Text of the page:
This striking green stone is also called Chrysolite and in the mineralogy world it is known as Olivine. It is thought the name Peridot comes from the Arabic word faridat which means "gem". This beauty only comes in various shades of green, pale yellowish green, olive green, bottle green or a vibrant apple green, which is the most sought after. In Pakistan, near the Afghan border you will find large Kashmir peridot stones which are the best for cutting, possessing intense striking color, which of course makes them expensive. Other locations where peridot is found is, Australia, Brazil, China, Egypt (St.John's Island), Myanmar (formerly Burma), South Africa, United States (Hawaii, Arizona) and Zaire.
I'm including the definitions of igneous and metamorphic rocks as I think it helps to understand what these words mean...
"The American Heritage Science Dictionary: 1. Relating to metamorphosis. 2. Geology: Relating to rocks that have undergone metamorphism. Metamorphic rocks are formed when igneous, sedimentary, or other metamorphic rocks undergo a physical change due to extreme heat and pressure. These changes often produce folded layers or banding in the rocks, and they can also cause pockets of precious minerals to form. The folds and banding can be produced by incomplete segregation of minerals during recrystallization, or they can be inherited from preexisting beds in sedimentary rocks or preexisting layers in igneous rocks. The precious minerals can form as the result of recrystallization when the rocks undergoing metamorphism are subjected to changes in pressure and temperature.
" Igneous: "
1. Geology...produced under conditions involving intense heat, as rocks of volcanic origin, or rocks crystallized from molten magma. 2. of, pertaining to, or characteristics of fire.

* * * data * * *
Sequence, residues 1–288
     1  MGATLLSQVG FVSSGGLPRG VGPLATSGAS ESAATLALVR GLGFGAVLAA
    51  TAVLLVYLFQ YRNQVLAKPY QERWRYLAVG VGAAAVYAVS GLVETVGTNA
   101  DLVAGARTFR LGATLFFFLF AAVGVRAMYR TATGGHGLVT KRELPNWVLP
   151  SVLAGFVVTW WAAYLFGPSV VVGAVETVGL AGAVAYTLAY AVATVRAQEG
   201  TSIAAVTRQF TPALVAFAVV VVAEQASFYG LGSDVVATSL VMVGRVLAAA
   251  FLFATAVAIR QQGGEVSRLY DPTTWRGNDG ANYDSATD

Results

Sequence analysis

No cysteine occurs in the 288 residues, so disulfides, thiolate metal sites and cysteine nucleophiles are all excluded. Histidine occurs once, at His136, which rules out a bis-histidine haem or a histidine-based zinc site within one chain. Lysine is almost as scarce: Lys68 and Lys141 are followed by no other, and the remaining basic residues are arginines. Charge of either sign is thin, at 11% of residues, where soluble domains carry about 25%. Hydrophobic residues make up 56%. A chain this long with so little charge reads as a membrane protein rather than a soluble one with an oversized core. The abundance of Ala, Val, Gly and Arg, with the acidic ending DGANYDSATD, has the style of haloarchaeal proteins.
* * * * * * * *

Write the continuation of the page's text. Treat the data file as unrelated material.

Intrusive Igneous Rock: forms beneath the surface of the volcano
Extrusive Igneous Rock: forms on the surface volcano"
Peridot, which is an extrusive igneous rock forms as a result of magma reaching the surface of the volcano, either from eruption, or cracks, fissures or as lava or ash. It can also form in metamorphic rocks. The striking green colors of the peridot comes from its own chemical composition of the stone (iron) itself and not from some other sources such as impurities. Peridot is transparent but often includes some form of inclusion, they appear as spots or lines, and are naturally occurring deposits of such things as silica glass, biotite mica, small crystals of pyrope garnet and spinel. While lovely, the peridot is not a brilliant stone, it may have the appearance of glass or even look greasy, rarely, the stone will have a cat's eye or star effect. Treatments, such as oiling or a polymer filler may be used to improve the look of the stone, by decreasing the visibility of flaws. Care must be taken with the peridot as it is tends to burst under pressure, it is sensitive to heat and is not resistant to acids...so keep away from household cleaners, steam, etc.
Stones of Interest:
- A 319ct perito found on the island of Zabargad is now in the Smithsonian Institution in Washington DC.
- Cut stones from a meteorite that fell in 1749 in eastern Siberia are now in Russia.
Information courtesy of: Gemstones of the World,Walter Schumann, Third Edition, Sterling Publishing Co., The Jeweler's Directory of Gemstones, Judith Crowe, Firefly Books, 2006 "igneous." dictionary.com Unabridged (v 1.1). Random House, Inc. 21 Aug. 2008. dictionary.com http://dictionary.reference.com/browse/igneous "metamorphic" The American Heritage® Science Dictionary. Houghton Mifflin Company. 21 Aug. 2008. dictionary.com http://dictionary.reference.com/browse/metamorphic
The two photos of the raw peridot are courtesy of @Edith Ochs - Fotolia.com, thank you.
The lovely peridot ring photo is courtesy of @K. Geijer - Fotolia.com, thank you.